I'm no legal expert, so I cannot realistically make suggestions about the exact format of such a volume, save to say it should be fairly simple, so an tired, over-worked prosecutor can scan-read it in the taxi to court, which appears to be when many of them first get the opportunity to read any details of the case they're taking to court.

There is some astoundingly good news: Martin Porter QC, who has given evidence before the All-Party Parliamentary Group on Cycling, has said he supports the idea, and his legal input would be absolutely invaluable. Crucially, Mr Porter is a highly educated and highly respected individual, which changes things immensely. After all, I'm just a guy who rides a bike, and as such nobody will pay me much attention.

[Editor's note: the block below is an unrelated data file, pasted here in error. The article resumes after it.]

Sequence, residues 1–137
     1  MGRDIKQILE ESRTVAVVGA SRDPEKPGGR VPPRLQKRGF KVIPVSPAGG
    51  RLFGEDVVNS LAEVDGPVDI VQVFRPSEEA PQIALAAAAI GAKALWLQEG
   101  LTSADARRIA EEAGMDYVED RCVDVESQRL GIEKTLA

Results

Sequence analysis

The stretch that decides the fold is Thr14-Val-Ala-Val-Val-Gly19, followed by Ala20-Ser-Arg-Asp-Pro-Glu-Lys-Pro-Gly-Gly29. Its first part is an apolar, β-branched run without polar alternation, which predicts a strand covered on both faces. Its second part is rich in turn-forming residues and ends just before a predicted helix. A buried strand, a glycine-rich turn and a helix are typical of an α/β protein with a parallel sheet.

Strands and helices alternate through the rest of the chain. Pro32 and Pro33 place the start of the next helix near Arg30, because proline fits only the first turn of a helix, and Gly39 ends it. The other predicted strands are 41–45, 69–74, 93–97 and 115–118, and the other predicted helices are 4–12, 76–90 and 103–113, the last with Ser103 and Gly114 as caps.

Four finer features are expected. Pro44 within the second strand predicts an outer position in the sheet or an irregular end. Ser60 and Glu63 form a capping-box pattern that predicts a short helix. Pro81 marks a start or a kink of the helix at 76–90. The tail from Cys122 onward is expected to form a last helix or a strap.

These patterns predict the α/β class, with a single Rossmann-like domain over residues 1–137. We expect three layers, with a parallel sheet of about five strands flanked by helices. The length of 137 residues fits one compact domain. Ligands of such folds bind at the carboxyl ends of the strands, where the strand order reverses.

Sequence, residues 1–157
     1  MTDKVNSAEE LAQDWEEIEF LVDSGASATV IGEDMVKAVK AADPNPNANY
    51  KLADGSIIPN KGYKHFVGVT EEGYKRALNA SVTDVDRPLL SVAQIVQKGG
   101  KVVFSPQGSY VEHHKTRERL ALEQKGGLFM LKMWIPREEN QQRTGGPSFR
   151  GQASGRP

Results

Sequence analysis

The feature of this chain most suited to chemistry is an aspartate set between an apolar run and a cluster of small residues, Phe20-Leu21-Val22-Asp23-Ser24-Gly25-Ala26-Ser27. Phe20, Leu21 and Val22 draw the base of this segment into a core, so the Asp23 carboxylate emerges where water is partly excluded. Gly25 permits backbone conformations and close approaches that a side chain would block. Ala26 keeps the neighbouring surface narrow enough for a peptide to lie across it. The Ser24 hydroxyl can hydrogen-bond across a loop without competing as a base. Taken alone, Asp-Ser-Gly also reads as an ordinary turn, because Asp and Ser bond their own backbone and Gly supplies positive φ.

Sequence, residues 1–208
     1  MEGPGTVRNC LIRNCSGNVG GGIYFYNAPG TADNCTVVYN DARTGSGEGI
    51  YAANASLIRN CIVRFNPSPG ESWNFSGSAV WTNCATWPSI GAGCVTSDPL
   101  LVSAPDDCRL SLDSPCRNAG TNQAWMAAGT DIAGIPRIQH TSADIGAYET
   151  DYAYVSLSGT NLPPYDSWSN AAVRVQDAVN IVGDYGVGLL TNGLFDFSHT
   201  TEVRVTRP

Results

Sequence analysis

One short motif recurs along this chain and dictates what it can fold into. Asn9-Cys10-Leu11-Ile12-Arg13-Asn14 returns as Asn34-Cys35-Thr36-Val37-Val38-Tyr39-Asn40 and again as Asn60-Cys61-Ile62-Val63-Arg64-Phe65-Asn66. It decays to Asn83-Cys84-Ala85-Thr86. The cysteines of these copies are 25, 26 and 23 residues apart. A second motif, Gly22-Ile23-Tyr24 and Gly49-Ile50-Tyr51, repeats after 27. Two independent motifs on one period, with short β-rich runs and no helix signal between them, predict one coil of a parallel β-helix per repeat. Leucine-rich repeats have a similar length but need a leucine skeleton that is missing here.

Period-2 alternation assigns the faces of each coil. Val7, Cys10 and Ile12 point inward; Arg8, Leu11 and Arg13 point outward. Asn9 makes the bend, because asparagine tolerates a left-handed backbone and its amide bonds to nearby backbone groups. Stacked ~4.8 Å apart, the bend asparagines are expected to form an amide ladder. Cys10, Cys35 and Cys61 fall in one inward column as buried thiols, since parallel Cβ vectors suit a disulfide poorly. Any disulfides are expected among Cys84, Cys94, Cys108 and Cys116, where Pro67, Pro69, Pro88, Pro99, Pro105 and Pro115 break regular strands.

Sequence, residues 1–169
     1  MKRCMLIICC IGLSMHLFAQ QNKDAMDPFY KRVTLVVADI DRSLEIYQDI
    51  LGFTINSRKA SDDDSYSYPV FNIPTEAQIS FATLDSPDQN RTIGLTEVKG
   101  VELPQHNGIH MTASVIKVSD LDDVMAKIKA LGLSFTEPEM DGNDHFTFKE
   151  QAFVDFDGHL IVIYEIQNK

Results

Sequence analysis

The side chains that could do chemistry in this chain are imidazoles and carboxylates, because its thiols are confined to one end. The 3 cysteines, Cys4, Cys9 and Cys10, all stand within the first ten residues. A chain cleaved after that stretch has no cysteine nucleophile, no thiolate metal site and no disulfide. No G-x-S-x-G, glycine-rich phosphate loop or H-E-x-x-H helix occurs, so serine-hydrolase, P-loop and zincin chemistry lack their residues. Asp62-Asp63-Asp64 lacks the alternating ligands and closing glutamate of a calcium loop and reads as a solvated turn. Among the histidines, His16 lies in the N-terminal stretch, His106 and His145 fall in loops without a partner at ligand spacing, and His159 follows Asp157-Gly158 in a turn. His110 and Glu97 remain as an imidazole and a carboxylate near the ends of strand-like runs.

Nevertheless, it would be unfair and impractical to expect Mr Porter to do everything and so it remains essential to get as many other legal people involved as we can. If any such people hold senior positions within CPS, then so much the better. We will also need medical experts to come forward, specifically to provide evidence to counter the frankly absurd levels of protection defense lawyers seem to attach to polystyrene cycle helmets, as well as give other evidence, such as the likelihood of injured cyclists dying from pelvic injuries.
Such evidence could take the form of statements that are easily copied and submitted as evidence to courts.

People with a deeper understanding of courts, and a good insight into sentencing guidelines will need to compile the strong arguments that the tired, over-worked prosecutor can deliver in court and over time, as defense teams change tactics to adjust, these will need to be reviewed and amended as required.